Successful delivery of mass emails by bulk senders is about to become more difficult. Google and Yahoo are the two big providers most often mentioned in relevant notifications, but others will be implementing changes as well. “Best practices” for email verification are shortly going to be required practices.
BLUF: If you use MailChimp, Listrak, Klaviyo, or something similar for e-commerce, your adherence to what were best practices will become mandatory.
The changes kick off in February 2024. None of them are private or secret, but they are definitely not widely known in my circles. In fact, if the subject hadn’t come up during a recent SHOT Show lunch with Charles Anderson of GAT Marketing, I would have completely missed it.
Until our Breach-Bang-Clear emails started misdelivering. And maybe not even then.
The change is all about email authentication for the suppression of spam emails. Not only will email service providers require bulk senders to be more stringent when it comes to verifying recipients, but the tolerance for reported spam will also be substantially reduced.
The new spam complaint rate threshold will reportedly be 3 per thousand (0.3%). If I understand correctly that’s roughly half of what it was before. I lack the background and knowledge to say that with certainty, but I do know it’s a more restrictive number than what was allowed before.
That means (in the case of the 0.3%), if you send an “email blast” to 10,000 customers, you have to stay below 30 spam complaints. Cross that threshold and you risk not only significant issues with your email delivery, you could be effectively blacklisted from sending e-com emails at all.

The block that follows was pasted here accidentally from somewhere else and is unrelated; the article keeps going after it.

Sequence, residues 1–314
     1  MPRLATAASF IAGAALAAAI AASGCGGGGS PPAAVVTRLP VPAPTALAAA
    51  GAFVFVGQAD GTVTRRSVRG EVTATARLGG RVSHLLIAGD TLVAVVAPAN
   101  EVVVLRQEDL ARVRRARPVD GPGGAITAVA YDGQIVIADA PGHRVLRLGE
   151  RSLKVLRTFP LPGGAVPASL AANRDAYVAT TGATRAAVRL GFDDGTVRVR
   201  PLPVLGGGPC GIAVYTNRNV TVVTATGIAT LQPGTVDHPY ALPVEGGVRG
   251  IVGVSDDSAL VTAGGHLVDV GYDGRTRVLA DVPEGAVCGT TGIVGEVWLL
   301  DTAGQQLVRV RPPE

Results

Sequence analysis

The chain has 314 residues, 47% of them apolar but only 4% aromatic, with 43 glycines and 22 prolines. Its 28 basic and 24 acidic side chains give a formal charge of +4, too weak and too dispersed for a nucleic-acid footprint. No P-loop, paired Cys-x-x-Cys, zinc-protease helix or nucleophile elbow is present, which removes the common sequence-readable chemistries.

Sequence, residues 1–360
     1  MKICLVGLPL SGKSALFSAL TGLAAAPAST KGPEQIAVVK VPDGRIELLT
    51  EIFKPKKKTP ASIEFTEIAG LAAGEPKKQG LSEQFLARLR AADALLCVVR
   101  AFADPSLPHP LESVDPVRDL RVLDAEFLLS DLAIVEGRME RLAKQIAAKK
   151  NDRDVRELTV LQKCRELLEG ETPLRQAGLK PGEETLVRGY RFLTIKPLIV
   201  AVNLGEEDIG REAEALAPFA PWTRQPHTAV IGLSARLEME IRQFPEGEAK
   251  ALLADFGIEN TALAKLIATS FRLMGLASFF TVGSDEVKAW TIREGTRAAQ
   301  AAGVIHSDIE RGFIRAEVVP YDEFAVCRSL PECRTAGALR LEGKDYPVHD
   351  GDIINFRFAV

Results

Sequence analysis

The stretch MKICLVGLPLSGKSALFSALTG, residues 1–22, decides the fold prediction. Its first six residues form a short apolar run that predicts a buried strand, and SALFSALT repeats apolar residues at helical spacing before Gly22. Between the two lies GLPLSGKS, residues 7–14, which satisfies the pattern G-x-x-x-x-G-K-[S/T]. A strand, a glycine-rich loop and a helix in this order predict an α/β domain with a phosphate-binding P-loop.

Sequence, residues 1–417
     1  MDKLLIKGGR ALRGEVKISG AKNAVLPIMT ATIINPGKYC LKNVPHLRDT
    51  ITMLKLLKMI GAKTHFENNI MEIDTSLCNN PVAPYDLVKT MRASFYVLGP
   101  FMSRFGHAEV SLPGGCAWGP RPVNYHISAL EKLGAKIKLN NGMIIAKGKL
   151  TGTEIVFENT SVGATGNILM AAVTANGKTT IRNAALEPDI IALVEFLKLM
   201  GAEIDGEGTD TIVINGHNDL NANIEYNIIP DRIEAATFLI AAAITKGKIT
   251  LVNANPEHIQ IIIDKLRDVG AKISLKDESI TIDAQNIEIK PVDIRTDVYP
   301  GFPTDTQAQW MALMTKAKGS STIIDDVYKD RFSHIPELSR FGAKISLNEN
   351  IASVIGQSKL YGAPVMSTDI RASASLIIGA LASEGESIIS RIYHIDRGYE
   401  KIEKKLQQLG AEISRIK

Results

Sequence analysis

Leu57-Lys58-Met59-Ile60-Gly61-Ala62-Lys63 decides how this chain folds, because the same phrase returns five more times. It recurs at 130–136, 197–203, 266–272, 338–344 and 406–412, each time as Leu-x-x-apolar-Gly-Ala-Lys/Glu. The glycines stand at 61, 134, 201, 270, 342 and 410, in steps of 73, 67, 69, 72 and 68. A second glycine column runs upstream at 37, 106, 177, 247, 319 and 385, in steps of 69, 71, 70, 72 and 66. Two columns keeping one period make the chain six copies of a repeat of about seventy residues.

What’s worse, you might not even realize it’s happening. In at least some reported cases during test rollouts, messages were not reported as flagged or bounced. They just sorta disappeared into the cyber-ether-whatever. This means the effectiveness of an email campaign will suffer, obviously, but to add insult to injury you’ll be spending money on contacts you’re no longer benefiting from.
Without realizing it.
So not only are they making things more difficult to meet minimum requirements, they’re reducing the tolerance for complaints too.
This isn’t any relation to the shadow-banning or penalization of firearm-related businesses like we’ve seen on social media. The changes aren’t restricted to any particular industry or specific niche. They’re across the board.
I do think it’s going to be particularly troublesome for firearm-related businesses, though. Not because of any anti-Second Amendment sentiments, but because the firearms industry in general tends to lag behind other industries in its understanding and implementation of cyber-related matters like e-commerce and Search Engine Optimization.
Relatively few of us in this space – myself included- pay attention to the intricacies of things like search algorithms and DMARC authentication.
I wouldn’t have realized the extent of the upcoming changes if not for my conversation with Charles, and I half-ass pay attention to these things.
Now, I’m not someone who can speak with any authority about how to ensure email verification processes and optimization of your e-comm efforts. But hopefully this at least put the upcoming restrictions on your radar.
Your specific validation procedures may vary depending on your bulk email service, but I’ll link some articles to get you started below.
Hat tip to Charles at GAT Marketing for the conversation and the heads-up!
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